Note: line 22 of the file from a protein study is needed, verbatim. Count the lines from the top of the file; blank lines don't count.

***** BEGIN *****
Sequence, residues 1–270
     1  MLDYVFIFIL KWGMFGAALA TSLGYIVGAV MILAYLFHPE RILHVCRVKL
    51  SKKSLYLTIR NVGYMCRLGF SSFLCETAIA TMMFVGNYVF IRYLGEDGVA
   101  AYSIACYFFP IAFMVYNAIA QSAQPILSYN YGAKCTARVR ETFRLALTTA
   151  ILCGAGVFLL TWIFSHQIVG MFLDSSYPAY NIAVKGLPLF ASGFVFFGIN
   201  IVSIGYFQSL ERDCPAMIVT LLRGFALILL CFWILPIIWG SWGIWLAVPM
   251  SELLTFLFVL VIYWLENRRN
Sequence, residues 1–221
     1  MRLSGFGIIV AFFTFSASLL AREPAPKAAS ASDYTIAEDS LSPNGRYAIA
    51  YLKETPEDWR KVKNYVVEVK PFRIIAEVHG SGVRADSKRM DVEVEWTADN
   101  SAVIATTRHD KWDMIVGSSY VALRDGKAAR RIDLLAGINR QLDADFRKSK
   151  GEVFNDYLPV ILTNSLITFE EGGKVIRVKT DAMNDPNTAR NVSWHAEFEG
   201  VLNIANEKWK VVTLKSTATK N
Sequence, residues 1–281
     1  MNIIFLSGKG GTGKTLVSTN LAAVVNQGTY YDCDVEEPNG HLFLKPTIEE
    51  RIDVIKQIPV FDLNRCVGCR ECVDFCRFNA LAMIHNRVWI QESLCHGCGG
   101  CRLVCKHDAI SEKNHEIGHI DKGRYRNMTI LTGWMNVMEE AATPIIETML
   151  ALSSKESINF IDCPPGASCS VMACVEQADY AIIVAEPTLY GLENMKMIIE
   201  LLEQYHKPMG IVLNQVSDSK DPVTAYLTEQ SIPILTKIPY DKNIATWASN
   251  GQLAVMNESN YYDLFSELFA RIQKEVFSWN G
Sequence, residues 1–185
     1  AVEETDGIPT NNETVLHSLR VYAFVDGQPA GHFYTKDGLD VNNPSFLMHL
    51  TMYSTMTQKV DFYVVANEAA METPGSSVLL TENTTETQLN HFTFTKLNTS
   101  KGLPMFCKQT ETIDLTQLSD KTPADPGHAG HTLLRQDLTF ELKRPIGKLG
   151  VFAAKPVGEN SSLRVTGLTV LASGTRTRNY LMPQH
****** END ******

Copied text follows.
     1  AVEETDGIPT NNETVLHSLR VYAFVDGQPA GHFYTKDGLD VNNPSFLMHL